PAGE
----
Recently I was reminded of a great story, an interesting analogy that describes the effect of solid strategy and its essential difference from tactics. The story goes like this: the Trojan war has been simmering for some time now, all resources are exhausted, everybody is tired, no food, no men. The Greeks struggle to conquer Troy. The people are helpless and want to go home. And then, one night beneath the stars, a brainstorming session suddenly starts around the fire. Ulysses, pulling out his last strengths, comes up with the idea: “If we can’t get the gates open from the outside, maybe we can get them open from the inside without the Trojans knowing.” That was it, that was the strategy around which each single tactic was developed, until the one, the Trojan horse, finally worked. The Greeks finally had a clear goal toward which they could steer every time they pivot. But the war wasn’t that easy for them. It took 10 years and had a lot of tactical challenges before the strategy was clear and everything worked out.
In business, like in war, an effective strategy provides a central unifying idea around which all behavior, actions, and communications are aligned. It involves making choices about a target audience, technology, organizational identity, and about positioning against competitors. The choices are interdependent – the target audience influence technology and identity and positioning effect a choice of the target audience.
The market has complex and interlaced requirements. Approaching it with solely the idea to sell a product seems as vague as going to war with a strategy to conquer Troy or take back Helena. Not having a strategy could be a costly mistake. Ask the Greeks! But, whatever the reasons are, and there are quite a few, they all come down to the same thing – not knowing – not knowing a target audience, not knowing our real competitors, not knowing evidence to base decisions on – and thus not being able to form that unifying idea based on the facts.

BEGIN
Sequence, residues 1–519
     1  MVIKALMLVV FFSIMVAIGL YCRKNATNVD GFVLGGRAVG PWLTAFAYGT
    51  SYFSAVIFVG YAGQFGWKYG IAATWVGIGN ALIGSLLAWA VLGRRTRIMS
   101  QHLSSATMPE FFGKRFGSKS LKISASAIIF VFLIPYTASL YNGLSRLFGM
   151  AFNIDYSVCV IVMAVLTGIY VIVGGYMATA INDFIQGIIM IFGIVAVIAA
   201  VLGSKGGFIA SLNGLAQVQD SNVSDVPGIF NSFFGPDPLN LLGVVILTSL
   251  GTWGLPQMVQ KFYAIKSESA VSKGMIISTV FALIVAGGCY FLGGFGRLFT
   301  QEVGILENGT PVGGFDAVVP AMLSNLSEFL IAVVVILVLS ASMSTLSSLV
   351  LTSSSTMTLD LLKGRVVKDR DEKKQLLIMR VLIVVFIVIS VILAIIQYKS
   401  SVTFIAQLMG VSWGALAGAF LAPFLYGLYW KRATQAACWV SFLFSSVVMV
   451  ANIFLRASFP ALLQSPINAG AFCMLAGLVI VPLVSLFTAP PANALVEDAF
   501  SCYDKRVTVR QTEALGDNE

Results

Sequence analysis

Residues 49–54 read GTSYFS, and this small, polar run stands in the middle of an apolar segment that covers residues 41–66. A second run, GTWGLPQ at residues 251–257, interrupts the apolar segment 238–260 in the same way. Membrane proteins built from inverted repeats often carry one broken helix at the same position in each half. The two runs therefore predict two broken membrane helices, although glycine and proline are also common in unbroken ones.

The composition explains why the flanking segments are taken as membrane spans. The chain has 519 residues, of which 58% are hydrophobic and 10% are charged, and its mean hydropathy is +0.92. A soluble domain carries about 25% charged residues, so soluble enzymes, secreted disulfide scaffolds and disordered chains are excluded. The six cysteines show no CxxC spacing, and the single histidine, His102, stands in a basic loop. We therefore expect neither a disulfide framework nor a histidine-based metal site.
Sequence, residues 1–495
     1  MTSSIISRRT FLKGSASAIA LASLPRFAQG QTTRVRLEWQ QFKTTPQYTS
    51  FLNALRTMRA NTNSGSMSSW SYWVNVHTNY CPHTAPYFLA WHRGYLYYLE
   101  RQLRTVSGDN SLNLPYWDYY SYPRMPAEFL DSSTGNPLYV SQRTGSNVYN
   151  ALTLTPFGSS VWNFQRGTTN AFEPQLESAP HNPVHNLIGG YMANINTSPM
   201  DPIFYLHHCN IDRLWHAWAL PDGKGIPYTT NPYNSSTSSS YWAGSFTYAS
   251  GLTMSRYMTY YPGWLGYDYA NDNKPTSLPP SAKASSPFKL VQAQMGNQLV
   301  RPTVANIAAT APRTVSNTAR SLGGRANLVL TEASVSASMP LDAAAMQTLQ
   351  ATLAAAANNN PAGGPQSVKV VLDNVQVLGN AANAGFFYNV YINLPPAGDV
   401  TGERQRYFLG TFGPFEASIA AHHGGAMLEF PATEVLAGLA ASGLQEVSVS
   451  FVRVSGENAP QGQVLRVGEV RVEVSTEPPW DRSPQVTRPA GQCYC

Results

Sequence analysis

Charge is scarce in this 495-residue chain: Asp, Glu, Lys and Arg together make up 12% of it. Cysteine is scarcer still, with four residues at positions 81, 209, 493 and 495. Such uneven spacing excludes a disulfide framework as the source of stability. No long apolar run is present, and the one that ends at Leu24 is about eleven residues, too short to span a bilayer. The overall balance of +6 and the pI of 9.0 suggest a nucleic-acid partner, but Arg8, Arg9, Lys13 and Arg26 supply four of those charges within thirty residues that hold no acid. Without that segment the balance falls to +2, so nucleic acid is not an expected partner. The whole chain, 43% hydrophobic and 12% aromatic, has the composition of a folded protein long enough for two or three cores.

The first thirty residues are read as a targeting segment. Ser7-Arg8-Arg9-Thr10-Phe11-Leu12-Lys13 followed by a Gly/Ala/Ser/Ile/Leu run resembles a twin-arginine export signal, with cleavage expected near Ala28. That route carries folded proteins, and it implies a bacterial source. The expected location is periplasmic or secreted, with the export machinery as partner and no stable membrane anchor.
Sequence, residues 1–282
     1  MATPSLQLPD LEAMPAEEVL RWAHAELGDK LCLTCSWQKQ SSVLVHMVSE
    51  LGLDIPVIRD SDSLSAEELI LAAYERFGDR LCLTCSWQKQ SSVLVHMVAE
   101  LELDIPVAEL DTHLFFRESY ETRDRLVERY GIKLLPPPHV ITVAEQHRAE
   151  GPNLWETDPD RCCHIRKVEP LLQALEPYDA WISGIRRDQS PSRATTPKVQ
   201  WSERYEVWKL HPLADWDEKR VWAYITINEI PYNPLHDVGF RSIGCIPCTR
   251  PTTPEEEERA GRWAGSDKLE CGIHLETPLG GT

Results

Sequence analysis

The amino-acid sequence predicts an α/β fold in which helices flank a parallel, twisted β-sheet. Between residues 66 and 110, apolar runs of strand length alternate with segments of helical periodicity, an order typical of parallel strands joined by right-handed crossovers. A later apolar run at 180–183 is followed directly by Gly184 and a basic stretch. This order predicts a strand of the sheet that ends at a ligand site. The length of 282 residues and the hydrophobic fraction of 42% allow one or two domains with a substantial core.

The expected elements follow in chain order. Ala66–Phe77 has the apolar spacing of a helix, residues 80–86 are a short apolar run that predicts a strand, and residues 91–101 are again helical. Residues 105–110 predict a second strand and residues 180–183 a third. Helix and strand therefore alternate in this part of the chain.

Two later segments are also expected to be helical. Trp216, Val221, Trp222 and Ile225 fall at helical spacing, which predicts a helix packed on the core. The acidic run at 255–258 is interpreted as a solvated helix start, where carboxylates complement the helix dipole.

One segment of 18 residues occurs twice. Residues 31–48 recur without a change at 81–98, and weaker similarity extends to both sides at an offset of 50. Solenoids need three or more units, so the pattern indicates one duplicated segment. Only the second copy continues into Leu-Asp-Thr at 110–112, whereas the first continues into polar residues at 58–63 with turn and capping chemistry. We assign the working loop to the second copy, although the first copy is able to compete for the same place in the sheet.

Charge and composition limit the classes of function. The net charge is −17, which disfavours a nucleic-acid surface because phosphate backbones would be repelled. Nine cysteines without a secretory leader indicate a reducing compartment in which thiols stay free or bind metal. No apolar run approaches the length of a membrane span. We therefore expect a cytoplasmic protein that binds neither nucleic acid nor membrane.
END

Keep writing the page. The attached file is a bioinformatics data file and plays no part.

Let me ask you something:
How many months, or should I say years, does your app project take? Do you see the day of light? How much money have you spent paying the team so far? How many features have you changed? What about the deadlines? Does your marketing campaign target the right customers? Does it sell? The list of questions is long.
Whether we are developing a brand or a product, an absence of a shared clear vision among team members results in time delays, increased costs or a bad user experience, in chaos that comes in quickly, in early stages, and escalates rapidly. In this dynamic the team is united about what they believe can work creatively and strategically. There is no basis on which one can form creative output with clear business and marketing goals. The team never knows in which direction they are headed, towards what end, or whether they will, with each step, go off the trace. Sounds familiar, right?!
So, how all that chaos evolves when we lack strategic foundation?
Usually quite easily.
An absence of informed decisions and well-reasoned rules on managing your brand or product leads to a perpetually subjective scenario built on trusting individuals and their assumptions for trust’s sake. That can only take us so far. Mostly it turns to defending ideas instead of working towards the target and going on and off with what is the best solution. Eventually that leads to the habit of constantly adding or changing features or broadening a target audience or redeveloping a marketing plan. We can all see how this scenario ends up.
Our Ulysses would surely know that a solid strategy is the difference between success and failure. Simply, it streamlines your business, helps you make better decisions faster, thus ensuring every dollar and minute you spend on a business is in the direction of your sustained success.